March the 8th marks International Women’s Day, and I thought I would briefly return to my occasional analysis of Gender Balance in LEGO® City. I haven’t visited the topic for a couple of years, and was wondering if there have been significant changes here.
I looked at the raw numbers based on the first half released sets in LEGO City/Creator and Creator Expert ranges, as defined on the Brickset Database (sampled March 3 2020). Now this year’s releases do not necessarily mean ‘What’s on the Shelves in the shop’ so I also looked at a breakdown of gender in the City sets included in the current Print Catalog (January -May 2020). I will repeat the analysis for LEGO Friends.
Figures were allocated gender according to secondary sexual characteristics, based on societal stereotypes: facial hair being the main determinate for male figures; lipstick, long hair and/or printed curves for female figures, and the remainder were considered ‘non specified’ – faces were relatively plain, often associated with a hat, although some ‘short spiky haircuts’ might be as likely to be associated with males and females equally in some regions. I recognise the danger of referring to stereotypes here, but I would like to consider this in terms of how a child would relate to a given Minifigures. Typically, figures without secondary characteristics described above are as likely to be ascribe a gender by the child playing with them, most in line with how the child sees that role of that figure (in terms of social role or occupation) within its society.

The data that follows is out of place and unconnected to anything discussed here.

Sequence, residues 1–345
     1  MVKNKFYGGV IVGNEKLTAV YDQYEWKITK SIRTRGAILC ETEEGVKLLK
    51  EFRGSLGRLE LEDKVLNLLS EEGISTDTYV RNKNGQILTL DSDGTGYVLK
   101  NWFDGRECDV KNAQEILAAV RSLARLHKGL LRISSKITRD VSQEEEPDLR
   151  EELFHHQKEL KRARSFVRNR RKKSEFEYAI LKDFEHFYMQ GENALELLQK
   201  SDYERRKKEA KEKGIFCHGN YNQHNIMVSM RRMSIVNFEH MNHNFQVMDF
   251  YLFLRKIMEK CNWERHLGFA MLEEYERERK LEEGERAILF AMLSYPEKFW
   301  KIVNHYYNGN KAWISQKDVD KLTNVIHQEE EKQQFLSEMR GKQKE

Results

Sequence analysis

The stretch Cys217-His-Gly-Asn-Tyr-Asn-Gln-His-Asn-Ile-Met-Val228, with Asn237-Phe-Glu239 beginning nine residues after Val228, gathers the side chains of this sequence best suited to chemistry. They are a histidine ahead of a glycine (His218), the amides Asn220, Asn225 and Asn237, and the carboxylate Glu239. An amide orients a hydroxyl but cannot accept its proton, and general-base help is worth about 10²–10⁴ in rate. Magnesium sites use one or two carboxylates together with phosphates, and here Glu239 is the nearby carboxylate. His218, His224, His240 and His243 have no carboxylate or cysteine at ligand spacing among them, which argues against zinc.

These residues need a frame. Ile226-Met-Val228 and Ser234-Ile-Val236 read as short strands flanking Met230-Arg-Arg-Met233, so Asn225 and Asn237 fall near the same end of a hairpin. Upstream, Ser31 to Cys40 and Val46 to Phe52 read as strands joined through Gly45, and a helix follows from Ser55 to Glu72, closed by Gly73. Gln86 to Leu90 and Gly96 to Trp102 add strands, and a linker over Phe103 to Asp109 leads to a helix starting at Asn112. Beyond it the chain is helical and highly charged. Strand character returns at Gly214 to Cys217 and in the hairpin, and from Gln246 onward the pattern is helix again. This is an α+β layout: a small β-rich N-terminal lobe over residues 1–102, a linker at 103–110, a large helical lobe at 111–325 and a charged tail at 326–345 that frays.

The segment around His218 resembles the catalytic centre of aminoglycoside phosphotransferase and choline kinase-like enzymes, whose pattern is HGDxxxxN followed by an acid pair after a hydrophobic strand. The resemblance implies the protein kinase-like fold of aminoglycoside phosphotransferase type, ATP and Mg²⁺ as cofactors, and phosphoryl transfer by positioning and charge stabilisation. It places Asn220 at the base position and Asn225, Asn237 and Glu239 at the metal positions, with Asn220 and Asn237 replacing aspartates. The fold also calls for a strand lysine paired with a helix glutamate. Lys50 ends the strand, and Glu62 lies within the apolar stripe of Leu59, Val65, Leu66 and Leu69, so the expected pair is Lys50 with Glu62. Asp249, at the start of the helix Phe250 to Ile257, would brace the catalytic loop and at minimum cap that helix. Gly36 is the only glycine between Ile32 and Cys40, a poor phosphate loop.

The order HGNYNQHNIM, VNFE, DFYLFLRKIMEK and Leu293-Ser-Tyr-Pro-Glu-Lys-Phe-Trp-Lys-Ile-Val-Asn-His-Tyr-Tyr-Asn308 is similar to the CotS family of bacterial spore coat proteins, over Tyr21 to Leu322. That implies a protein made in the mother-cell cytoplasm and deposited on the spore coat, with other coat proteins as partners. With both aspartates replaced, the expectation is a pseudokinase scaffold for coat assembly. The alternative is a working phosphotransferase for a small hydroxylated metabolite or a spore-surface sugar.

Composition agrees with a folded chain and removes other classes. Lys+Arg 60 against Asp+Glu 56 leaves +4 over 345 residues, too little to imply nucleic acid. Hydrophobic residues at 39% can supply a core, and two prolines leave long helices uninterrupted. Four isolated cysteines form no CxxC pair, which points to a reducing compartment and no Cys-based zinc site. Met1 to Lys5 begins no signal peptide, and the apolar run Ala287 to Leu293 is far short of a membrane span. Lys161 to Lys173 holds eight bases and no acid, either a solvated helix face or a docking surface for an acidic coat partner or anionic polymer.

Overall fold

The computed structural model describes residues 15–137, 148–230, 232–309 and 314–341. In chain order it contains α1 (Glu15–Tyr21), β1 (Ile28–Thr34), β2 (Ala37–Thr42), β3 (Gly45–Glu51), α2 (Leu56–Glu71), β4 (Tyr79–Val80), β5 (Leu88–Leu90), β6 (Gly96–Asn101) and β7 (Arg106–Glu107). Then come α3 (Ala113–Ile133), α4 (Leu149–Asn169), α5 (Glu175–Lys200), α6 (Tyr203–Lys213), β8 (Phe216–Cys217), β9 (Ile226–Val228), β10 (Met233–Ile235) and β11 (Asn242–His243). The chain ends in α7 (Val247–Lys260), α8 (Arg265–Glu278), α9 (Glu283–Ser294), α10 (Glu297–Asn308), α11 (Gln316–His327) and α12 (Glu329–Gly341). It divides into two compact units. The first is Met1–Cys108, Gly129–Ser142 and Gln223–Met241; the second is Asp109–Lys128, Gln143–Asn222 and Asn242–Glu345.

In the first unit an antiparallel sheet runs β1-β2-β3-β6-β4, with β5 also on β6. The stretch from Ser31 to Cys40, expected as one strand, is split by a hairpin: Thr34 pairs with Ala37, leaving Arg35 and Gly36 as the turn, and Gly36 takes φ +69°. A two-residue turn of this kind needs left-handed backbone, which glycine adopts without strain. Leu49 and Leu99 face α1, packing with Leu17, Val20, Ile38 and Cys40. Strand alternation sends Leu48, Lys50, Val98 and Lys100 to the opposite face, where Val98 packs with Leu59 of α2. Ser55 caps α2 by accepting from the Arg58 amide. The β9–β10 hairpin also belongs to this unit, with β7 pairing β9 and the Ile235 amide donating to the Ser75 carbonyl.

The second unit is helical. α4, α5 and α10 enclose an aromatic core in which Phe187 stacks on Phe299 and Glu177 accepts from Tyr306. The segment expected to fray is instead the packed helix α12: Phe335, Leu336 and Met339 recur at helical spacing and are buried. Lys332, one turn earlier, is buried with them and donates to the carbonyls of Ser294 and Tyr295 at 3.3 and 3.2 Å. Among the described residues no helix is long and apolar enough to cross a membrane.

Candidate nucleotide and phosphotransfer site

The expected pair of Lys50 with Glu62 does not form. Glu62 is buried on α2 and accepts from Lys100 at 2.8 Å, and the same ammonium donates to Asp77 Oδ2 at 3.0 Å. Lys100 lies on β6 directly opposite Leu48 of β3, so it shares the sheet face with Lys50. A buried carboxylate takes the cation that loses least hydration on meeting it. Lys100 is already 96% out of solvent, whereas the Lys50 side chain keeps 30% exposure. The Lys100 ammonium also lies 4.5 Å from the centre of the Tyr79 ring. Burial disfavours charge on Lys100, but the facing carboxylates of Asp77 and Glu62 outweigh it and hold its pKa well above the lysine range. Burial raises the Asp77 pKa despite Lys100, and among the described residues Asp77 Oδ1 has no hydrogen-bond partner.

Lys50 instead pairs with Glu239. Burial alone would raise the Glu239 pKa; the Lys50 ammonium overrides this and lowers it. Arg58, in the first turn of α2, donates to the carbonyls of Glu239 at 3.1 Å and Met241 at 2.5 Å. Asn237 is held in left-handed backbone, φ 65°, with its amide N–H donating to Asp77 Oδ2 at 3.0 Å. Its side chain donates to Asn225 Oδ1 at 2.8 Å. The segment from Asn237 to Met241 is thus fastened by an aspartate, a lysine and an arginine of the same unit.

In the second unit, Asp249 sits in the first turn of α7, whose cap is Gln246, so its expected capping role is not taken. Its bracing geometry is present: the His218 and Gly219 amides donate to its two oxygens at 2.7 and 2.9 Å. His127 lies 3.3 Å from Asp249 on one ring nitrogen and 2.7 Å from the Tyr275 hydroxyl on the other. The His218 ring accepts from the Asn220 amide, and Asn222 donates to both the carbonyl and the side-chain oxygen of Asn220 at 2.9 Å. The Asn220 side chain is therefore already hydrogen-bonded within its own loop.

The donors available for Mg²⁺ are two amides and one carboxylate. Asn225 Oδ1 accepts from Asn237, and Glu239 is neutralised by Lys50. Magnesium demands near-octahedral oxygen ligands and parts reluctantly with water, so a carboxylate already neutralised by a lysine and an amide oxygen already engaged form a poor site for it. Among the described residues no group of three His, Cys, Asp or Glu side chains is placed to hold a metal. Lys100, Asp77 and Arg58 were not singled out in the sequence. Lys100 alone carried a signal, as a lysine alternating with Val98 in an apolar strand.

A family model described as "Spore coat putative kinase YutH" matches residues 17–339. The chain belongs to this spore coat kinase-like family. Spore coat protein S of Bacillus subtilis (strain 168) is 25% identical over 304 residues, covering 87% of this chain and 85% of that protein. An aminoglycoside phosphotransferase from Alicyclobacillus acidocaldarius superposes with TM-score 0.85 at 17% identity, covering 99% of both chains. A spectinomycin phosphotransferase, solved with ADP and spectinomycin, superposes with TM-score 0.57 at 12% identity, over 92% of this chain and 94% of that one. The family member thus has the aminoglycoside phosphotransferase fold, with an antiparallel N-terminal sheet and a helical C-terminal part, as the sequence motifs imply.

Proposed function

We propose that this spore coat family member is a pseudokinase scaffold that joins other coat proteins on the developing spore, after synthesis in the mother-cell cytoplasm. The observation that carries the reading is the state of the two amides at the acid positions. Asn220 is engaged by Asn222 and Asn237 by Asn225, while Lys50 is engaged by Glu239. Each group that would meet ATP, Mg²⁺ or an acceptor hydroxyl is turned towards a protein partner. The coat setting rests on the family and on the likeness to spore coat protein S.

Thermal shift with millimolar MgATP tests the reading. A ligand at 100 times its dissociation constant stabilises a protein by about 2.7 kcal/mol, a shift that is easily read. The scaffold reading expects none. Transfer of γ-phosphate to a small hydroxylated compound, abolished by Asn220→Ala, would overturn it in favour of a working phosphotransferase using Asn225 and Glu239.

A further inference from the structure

In the first instance, I looked at NEW sets in the City and Creator, and Creator Expert range released in 2020.
There were 71 figures released across 36 sets. The arrival of characters appearing in LEGO City Adventures also opens this analysis up to calculating the number of CHARACTERS released this year as well. I Shall look at that shortly.
This year, the City set releases were across Fire and police; Cars (including a garage and car yard) and other vehicles. Creator included the Monster Burger truck, the Townhouse/toy store, and the modular Book Store.
As you can see from the data presented, when we look at the 2020 releases, including poly bags, minifigure packs and sets released, we have 35% of minifigures female, 38% male while the remaining 26% are not specified. Perhaps a bit of a decrease in female representation from 2017, when we saw 40% female representation within LEGO City and Creator/Expert in the sets released that year. However, it is pretty similar to the ‘obviously male’ rate – and a noticeable surge in the proportion of ‘not-specified.’ figures.
If we modify the approach to interpret the data as we see it in the 2020 1st half year catalog – we might see a different story. This catalog does not feature creator expert, polybags or minifigure accessory packs. BUT it does include some sets from 2019, and indeed the trains from 2018. And these are the sets that children will be exposed to when they read/pore over the catalogue.
Here is the breakdown of minifigure gender:
Its a bit closer to the 40/40/20 spilt, particularly if we round it up to the nearest 5%. We do see a greater number of figures ‘defined’ as it were, but the balance is pretty similar between male and female figures. Of course this is a little different to what we see in LEGO Friends.
MEANWHILE, in Heart Lake City…
Historically, LEGO Friends has a bias towards female minidolls in the sets, if only because the five main characters appear in multiple sets. As such, I would like to consider the number of males appearing in Friends, as a proportion of different CHARACTERS.
When I looked at the 2020 First half year releases on Brickset, there are eleven characters featured to date. Two of these are male.
Again, I shall return to ‘ the Sets in the catalogue:’ There are 20 sets listed in the First Half Year Print catalog for Australia (excluding the cubes). There are 16 characters listed all up. Five of these 20 sets contain one of 4 male characters (Zack appears twice). 1 in 4 sets has a male character. Four in sixteen characters are male. This is consistent with previous years.